We propose a dynamic model in which firms compete to produce sequential and cumulative innovations, and in which the more firms do research in one sector the more likely it is that one of them innovates. Firms choose research effort and whether to patent innovations or to use an Open Source license like the General Public License. We show that (i) patents generate a larger stationary reward but foreclose research within a sector, and that (ii) Open Source generates a smaller stationary reward but allows everyone to use the technology, and therefore, by attracting firms to the sector, it induces a faster pace of innovation. We characterize all the equilibria of the model and show that in equilibrium an Open Source sector appears only after a proprietary sector. We also find conditions under which the model has a unique equilibrium, in which a proprietary and an Open Source sector coexist and compete in the short run, but the Open Source sector dominates the industry in the long run. We use our model to study whether patents are inefficient, and to explain firms’ behavior in the software and the biomedical industry.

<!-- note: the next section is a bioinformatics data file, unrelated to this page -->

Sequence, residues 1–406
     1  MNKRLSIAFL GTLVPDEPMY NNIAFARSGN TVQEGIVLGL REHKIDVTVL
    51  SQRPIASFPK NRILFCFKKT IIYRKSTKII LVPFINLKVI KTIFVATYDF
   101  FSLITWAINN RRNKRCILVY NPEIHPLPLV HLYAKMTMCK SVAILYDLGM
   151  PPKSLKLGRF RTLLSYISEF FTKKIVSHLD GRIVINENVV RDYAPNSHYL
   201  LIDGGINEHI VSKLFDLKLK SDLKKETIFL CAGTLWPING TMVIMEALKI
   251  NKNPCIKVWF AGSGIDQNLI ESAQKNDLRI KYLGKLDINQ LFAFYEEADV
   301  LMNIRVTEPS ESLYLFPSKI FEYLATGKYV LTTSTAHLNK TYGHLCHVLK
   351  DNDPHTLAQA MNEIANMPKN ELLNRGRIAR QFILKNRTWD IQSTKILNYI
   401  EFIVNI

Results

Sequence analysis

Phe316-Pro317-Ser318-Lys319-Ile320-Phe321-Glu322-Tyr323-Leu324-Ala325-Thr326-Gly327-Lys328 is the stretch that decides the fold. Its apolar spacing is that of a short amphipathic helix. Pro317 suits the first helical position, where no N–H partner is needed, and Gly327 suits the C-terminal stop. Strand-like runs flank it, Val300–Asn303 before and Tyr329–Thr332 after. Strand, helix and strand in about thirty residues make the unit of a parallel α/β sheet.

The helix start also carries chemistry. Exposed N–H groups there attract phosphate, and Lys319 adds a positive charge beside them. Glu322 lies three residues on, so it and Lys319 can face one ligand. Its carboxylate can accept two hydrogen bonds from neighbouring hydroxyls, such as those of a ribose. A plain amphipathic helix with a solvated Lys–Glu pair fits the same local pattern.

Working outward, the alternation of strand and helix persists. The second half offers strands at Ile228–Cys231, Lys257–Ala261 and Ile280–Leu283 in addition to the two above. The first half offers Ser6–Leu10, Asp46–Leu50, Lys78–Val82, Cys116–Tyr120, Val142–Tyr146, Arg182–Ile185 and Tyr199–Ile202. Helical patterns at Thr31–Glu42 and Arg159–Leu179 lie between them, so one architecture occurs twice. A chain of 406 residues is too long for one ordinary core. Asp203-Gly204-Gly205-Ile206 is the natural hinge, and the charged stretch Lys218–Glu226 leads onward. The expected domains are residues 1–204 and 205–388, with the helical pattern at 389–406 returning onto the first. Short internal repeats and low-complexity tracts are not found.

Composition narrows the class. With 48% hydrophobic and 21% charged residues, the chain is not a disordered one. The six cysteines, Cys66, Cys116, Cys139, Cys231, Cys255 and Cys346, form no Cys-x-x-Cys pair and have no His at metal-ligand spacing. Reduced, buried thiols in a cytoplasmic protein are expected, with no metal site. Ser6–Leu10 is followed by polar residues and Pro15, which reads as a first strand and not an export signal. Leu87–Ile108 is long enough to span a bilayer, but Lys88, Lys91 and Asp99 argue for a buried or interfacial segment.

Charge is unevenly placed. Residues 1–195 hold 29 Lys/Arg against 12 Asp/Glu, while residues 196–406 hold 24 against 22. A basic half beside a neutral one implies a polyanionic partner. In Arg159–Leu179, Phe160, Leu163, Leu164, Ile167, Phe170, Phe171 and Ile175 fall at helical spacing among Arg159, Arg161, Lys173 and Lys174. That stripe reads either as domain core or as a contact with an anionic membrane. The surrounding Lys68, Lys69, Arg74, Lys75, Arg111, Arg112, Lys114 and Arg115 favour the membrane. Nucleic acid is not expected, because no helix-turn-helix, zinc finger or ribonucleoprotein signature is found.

|Number of pages||19|
|Journal||European Economic Review|
|Publication status||Published - 2017|
All Science Journal Classification (ASJC) codes
- Economics and Econometrics